August 21, 1913 [SBMP]: “The discussion started by Charles E. Davis relative to the murdering of mother seals on Santa Barbara and other Channel Islands now promises to bring good results. The game commission will very likely go outside the province of the game commissioner of this district and order an investigation. Frank Garbutt is now at the islands and he may have an interesting report to supplement the charges made by Mr. Davis… The law reads: ‘It is unlawful to take or kill seals in the waters of the Santa Barbara Channel, or on, near, or about any of the lands adjacent thereto.’…Frank A. Garbutt, in his report to the commission under the date August 13, says: ‘I have just completed an inspection of the entire coast of Catalina, Clemente, Anacapa, Santa Cruz and a portion of Santa Rosa. I have yet to sea one dead seal dying of starvation. To my mind, these seals should not be protected. They destroy large quantities of fish, and as far as I can determine serve no useful purpose.’…”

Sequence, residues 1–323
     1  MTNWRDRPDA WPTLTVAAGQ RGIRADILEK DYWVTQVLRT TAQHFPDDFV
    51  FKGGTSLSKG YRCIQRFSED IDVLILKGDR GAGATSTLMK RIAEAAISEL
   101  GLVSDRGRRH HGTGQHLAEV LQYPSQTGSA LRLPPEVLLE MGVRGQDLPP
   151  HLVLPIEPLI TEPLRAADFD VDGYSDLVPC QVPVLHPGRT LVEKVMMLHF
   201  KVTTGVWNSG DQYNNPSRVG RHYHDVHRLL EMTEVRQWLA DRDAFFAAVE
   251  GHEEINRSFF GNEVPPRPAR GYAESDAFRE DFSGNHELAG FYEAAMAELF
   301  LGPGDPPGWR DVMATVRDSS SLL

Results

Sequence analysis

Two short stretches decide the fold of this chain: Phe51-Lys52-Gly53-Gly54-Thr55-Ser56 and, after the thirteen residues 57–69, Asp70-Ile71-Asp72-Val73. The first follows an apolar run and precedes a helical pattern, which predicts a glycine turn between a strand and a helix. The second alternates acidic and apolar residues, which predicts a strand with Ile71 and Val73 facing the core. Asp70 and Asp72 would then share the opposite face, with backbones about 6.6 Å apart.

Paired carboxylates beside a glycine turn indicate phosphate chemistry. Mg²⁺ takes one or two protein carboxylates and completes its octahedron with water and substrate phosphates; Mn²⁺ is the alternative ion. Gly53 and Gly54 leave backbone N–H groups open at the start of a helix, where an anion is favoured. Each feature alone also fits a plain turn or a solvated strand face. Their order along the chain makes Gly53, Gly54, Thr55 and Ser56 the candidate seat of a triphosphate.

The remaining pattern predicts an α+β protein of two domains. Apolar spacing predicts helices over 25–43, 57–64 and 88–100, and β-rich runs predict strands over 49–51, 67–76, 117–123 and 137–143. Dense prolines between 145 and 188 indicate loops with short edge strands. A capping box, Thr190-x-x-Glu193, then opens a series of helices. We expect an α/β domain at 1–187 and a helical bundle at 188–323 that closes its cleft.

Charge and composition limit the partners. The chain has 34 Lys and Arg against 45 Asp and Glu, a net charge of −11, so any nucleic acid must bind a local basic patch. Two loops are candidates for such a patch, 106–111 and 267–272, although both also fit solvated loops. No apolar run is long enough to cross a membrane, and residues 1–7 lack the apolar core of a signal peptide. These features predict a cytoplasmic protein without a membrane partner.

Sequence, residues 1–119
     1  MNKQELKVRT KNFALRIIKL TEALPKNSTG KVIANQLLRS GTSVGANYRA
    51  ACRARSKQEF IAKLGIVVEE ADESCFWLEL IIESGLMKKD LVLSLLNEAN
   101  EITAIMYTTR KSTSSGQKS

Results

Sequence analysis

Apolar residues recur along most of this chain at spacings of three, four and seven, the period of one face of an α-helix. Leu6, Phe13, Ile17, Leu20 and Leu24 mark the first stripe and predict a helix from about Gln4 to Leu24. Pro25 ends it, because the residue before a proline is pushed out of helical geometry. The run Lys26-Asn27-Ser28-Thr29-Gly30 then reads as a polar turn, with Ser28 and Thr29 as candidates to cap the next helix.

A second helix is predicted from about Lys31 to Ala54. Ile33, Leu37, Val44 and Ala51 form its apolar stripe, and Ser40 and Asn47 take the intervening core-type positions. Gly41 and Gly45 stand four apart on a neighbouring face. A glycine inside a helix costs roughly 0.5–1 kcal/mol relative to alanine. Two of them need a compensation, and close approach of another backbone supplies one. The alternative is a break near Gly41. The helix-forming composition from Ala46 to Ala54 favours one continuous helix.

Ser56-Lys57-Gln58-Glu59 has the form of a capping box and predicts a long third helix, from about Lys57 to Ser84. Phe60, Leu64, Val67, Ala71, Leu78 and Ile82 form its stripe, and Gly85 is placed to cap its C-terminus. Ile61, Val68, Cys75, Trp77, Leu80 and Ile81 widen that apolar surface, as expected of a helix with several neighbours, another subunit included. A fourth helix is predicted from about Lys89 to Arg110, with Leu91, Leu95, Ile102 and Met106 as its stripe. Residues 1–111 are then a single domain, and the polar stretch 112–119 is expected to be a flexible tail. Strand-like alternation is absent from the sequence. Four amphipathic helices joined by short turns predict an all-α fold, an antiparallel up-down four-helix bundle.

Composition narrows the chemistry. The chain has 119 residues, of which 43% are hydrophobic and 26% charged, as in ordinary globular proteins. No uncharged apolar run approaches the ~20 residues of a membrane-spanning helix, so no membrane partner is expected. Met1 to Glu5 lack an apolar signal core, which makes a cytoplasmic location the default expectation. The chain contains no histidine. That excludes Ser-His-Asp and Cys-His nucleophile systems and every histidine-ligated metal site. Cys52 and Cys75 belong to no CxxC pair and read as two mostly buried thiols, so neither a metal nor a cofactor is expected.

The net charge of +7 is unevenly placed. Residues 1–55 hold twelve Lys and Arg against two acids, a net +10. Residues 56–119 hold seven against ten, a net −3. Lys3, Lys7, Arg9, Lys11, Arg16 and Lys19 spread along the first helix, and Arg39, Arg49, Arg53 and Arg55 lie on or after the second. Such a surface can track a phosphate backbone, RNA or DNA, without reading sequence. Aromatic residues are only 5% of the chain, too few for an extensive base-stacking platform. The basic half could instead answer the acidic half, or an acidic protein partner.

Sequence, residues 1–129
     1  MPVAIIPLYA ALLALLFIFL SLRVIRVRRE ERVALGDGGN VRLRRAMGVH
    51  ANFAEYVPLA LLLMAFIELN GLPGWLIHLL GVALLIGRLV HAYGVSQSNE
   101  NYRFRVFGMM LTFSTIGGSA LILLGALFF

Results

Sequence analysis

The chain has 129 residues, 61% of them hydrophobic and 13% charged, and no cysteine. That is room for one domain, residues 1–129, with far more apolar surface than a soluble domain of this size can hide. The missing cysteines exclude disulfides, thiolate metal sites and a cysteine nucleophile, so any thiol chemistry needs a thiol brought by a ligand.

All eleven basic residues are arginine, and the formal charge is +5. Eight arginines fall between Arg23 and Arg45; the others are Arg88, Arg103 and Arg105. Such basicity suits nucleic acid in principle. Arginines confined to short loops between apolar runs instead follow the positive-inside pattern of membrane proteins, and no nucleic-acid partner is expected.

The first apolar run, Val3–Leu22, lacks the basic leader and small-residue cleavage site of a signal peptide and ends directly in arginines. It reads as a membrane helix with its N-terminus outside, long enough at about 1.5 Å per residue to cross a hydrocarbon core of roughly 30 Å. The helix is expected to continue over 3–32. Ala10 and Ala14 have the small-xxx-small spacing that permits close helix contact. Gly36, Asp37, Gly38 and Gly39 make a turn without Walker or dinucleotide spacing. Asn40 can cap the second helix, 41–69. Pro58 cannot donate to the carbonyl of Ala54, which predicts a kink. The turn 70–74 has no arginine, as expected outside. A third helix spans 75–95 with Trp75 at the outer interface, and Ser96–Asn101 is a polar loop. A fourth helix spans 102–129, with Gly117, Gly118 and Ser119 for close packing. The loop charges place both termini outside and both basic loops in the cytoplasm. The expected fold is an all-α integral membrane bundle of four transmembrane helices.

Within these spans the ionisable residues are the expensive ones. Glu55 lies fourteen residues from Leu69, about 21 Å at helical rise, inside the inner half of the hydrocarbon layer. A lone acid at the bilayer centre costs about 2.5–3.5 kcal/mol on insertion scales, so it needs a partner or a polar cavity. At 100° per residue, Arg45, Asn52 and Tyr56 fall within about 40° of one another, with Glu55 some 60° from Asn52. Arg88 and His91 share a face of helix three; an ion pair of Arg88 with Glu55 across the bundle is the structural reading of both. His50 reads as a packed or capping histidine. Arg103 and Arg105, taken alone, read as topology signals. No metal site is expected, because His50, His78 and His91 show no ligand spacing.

August 27, 1913 [SBMP]: “Island schooner new pirate ship. Jack London’s Sea Wolf is being portrayed on the south coast. The power schooner Santa Rosa Island, so frequently seen in Santa Barbara Harbor, has been transformed into a pirate ship for moving picture purposes, and is now terrorizing the peaceful inhabitants of the south coast. Re-christened the Ghost, and commanded by Captain Larsen, the Sea Wolf, the old gasoline schooner is doing duty in the portrayal of Jack London’s famous story. Hobart Bosworth has a contract with London for the reproduction of the Sea Wolf in moving pictures, and financial backing of Frank Garbutt to the extent of $50,000, which, it is estimated, the film will cost…”